Post Traumatic Stress Disorder (PTSD) has become too familiar within society because of an increased number of soldiers who deploy to war zones and experience combat each year. Although it is advantageous for PTSD to be so well researched and therefore readily treated, it is unfortunate that there is such an increased need for treatment because of the many individuals suffering from it.
One aspect of PTSD that has been kept in the closet is called Secondary PTSD. Secondary PTSD is not a psychological disorder recognized within the Diagnostics and Statistics Manual of Mental Disorders as of edition four. This is not to negate from the legitimacy of Secondary PTSD or how it affects one’s life.
Secondary PTSD affects the individual living with or caring for the person suffering from PTSD. When living with a war veteran who has PTSD, a caregiver role is formed (either knowingly or unknowingly). In some situations this means that the caregiver is trying to keep the soldier’s emotional outbursts at bay, trying to make everything “perfect” to ensure that the soldier is comfortable physically and emotionally within the environment. Despite the caregiver’s best efforts there will still be occasions in which the soldier may become aggressive or lose control of his or her emotions.
In other situations the caregiver constantly will be looking for “triggers” that may cause his or her soldier to have an episode and looking for ways to avoid it. Episodes may include high levels of anxiety, anger, sadness, irritability, paranoia, or panic attacks. These episodes may happen anywhere in which the soldier feels uncomfortable or out of control of the situation. One very common environment in which a soldier suffering from PTSD may have an episode is in a public crowded area.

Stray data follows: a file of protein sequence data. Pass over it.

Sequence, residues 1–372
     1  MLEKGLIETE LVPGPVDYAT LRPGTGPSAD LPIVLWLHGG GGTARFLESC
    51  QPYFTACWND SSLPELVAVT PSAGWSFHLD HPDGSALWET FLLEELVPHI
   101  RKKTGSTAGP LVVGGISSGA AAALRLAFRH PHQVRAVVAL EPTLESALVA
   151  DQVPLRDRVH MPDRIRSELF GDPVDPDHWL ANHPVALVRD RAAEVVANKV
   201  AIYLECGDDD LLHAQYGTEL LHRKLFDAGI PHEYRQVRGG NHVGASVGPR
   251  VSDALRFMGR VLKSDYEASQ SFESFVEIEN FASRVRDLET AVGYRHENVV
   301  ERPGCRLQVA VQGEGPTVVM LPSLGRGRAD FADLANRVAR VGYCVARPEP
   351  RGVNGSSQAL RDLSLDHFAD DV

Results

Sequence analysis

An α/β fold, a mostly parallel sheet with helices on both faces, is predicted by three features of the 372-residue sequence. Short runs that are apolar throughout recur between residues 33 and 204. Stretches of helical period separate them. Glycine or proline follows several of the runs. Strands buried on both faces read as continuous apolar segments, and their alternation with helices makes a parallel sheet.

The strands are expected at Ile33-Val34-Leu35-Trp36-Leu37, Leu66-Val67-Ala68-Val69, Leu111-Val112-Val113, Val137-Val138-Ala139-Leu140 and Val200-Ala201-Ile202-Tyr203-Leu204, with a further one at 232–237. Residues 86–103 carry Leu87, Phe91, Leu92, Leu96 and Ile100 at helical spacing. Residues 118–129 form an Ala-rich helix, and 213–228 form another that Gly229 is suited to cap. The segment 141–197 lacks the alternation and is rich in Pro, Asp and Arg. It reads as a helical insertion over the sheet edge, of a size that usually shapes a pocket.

For the person living with the soldier suffering from PTSD (caregiver), he or she may notice themselves beginning to adopt many of the same symptoms or character traits of PTSD. Many of the same emotions are present, such as anger, confusion, depression, frustration, and anxiety. It is believed that when a person is living with/caring for someone with PTSD much of the daily tasks are primarily performed by the caregiver (e.g., finances, cleaning, cooking, etc--). On top of this, the caregiver is also a sounding board for the person suffering from PTSD to let all of his or her emotions out on. The caregiver is expected to help the person with PTSD cope with the trauma and the entire emotional burden that comes with it. Because of the many roles and responsibilities that the caregiver has, it is not uncommon that he or she begins to experience similar anxieties, anger, and emotionally outbursts.
Since the levels of severity for PTSD varies from person to person, the same applies to Secondary PTSD. Not every person living with or caring for someone with PTSD will experience Secondary PTSD; however, it is a disorder to be aware of because of the current presence that it has had in society.
Treatment for those suffering from Secondary PTSD is similar to that of someone with PTSD. Locating a counselor (preferably one with a concentration in trauma) to seek therapy from is a great starting point. Therapy is also a substantial preventative measure because one must first take care of themselves before trying to take care of others. If looking for a counselor seems overwhelming, a much easier starting point is talking with the family’s Primary Care Physician and he or she can refer a reliable counselor.
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Secondary PTSD. (2012). Retrieved from http://www.lestweforgetptsdsupport.org/Secondary-PTSD.html
Resources for military families-